Have you been immersed?
We are not talking about baptism, but it can be a sort of religious experience. Immersive experiences are all the buzz now in Colorado, ranging from Van Gogh and Monet exhibits to Disney Animation and Denver’s wacky Meow Wolf.
Colorado is also home to some deeply escapist food experiences including the legendary Casa Bonita, an old-school immersive restaurant/dinner theater/amusement park about to reopen.
Now is the time to escape the culinary doldrums and hit the road for a smorgasbord of food and beverage events this summer.
The following out-of-the-ordinary stops on Colorado’s taste trail are guaranteed to expand your culinary consciousness — or at least produce some memorable meals.
A French-Kissed Fest
As brasseries and patisseries are making a major local comeback, immerse yourself in all things French at the Bastille Day French Fest, July 14-15 in Denver’s Cherry Creek North, with lots of bloomy soft cheese, food, butter, baked goods and wine. Info: rmfacc.org
Afterwards, laisez le bon temps rouler for dinner at Denver’s La Merise, French 75, Bistro Vendome, Chez Maggy, Le French, Le Bilboquet or Bistro LeRoux.
Chow Down On The Farm
Field and barn feasts truly immerse you in the setting and offer a wider taste of the state’s agricultural wonders than just hitting the farmers markets. One of the coolest venues is the Lyons Farmette, which hosts a series of always-sold-out meals featuring local chefs and farms that benefit local nonprofits. Upcoming events include: Rosetta Hall Chefs (July 19), Chef Daniel Asher (Aug. 30), Whistling Boar (Sept. 13), Butcher & The Blonde (Sept. 20), and Marigold (Sept. 26). Info: lyonsfarmette.com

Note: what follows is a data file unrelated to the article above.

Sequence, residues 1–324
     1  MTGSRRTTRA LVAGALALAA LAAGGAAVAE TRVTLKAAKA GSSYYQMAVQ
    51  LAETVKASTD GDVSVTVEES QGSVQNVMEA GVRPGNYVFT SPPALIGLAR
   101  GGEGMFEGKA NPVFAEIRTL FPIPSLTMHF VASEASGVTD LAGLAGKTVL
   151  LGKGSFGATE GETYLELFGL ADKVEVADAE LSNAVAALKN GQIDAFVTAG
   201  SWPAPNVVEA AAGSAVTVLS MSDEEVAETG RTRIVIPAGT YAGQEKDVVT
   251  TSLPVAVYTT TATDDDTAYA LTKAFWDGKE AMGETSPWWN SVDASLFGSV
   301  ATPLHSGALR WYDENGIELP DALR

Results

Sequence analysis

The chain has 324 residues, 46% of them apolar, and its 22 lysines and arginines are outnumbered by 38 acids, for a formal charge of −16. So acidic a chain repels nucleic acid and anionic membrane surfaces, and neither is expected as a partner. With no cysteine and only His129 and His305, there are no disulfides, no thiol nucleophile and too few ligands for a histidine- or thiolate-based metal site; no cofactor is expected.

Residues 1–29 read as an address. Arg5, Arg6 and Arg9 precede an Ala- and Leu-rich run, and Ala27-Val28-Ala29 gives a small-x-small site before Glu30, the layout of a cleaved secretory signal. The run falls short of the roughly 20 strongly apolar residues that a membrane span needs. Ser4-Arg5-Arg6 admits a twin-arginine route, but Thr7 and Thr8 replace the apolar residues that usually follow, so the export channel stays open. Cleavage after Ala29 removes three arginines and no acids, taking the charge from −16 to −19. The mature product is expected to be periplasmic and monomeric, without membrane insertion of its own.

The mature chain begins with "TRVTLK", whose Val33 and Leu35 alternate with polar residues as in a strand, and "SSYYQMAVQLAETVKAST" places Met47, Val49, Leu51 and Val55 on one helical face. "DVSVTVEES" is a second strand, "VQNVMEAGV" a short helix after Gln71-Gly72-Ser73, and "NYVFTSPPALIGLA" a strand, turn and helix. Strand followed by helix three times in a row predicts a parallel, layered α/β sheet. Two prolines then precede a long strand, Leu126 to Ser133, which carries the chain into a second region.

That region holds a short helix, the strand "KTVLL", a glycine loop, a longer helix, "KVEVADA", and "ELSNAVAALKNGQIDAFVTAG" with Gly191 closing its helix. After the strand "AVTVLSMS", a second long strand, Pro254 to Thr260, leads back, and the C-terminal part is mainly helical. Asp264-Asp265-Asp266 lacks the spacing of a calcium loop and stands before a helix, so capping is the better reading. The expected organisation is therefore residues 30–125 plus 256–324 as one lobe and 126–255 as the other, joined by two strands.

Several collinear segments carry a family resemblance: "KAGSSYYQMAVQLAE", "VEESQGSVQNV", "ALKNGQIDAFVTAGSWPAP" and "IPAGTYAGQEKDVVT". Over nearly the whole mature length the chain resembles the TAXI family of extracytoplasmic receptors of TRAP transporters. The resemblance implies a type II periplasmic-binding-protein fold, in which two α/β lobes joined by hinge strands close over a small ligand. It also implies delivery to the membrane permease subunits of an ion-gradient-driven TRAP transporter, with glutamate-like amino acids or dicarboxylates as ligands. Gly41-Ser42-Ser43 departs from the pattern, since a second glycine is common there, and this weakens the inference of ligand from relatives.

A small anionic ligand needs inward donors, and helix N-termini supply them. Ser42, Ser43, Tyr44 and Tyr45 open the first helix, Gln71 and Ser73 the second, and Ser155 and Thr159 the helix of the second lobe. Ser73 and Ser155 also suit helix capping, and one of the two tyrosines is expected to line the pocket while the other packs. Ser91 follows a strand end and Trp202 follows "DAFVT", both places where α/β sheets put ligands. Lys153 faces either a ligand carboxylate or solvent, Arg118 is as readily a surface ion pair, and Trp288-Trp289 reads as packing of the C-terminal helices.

Where the Chile Winds Blow
The 28th Annual Chile & Frijole Festival is Sept. 23-25, featuring clouds of tear-jerking roasted chile perfume, tables of sweat-inducing chile dishes plus music, a chile & salsa “showdown,” the Chihuahua and Friends Parade and a jalapeño eating contest. Info: pueblochilefestival.com
Food with a View
Almost every eatery and bar in Colorado can claim to have a “great view,” but some views far outshine others in the sunset and rainbows department. For a spectacular panoramic urban dining moment, nothing beats Denver’s highest alfresco spot, 54thirty. The patio on the 20th floor of Le Méridien hotel dishes high-end small bites, chilled cocktails and chocolate peanut butter pie with a pretzel crust. Info: 54thirty.com
Expand Your Dining Consciousness
There is no shortage of Colorado food festivals, but some destinations are really worth the drive, the money and the time. The open-air Big Eat lives up to its name with unlimited bites and sips on July 20 at the Denver Performing Arts Complex. The event eschews chains and instead features 60-plus independent eateries including Coperta, Fruition, Mercantile, Pho King Rapidos, Restaurant Olivia, Rewild at Nurture, Rooted Craft Kitchen, Sunday Vinyl and Sushi-Rama. Drinks provided by such local stars as Carboy Winery, Cerveceria Colorado, Stem Ciders and The Family Jones distillery. Tickets: eatdenver.com/the-big-eat